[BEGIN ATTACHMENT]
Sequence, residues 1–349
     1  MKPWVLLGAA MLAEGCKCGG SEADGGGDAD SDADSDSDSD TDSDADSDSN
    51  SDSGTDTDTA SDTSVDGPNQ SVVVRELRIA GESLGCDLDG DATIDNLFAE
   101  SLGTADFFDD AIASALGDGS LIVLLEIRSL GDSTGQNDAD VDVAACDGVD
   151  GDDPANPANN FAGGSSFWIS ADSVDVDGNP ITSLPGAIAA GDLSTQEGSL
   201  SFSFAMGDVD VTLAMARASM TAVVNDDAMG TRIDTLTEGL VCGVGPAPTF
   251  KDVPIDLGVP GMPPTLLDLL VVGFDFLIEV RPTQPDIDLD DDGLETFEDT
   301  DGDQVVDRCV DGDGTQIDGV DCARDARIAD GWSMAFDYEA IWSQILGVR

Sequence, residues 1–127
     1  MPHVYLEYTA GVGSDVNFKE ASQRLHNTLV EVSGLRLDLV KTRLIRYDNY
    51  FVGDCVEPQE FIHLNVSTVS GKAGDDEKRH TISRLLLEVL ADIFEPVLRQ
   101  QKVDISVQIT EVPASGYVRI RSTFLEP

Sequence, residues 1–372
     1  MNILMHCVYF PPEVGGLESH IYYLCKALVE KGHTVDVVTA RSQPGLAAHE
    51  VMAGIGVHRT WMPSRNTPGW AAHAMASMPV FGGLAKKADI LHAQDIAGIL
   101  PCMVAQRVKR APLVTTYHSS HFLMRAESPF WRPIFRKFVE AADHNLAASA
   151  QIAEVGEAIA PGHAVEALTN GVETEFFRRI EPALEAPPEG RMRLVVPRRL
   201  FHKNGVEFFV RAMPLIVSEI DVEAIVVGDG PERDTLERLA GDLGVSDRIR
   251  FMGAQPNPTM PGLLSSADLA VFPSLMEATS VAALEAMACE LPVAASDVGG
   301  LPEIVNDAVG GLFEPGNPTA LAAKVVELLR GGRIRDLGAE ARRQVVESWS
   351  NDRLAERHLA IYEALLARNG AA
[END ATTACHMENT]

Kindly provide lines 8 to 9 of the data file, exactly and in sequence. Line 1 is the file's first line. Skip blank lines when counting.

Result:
   301  DGDQVVDRCV DGDGTQIDGV DCARDARIAD GWSMAFDYEA IWSQILGVR

Sequence, residues 1–127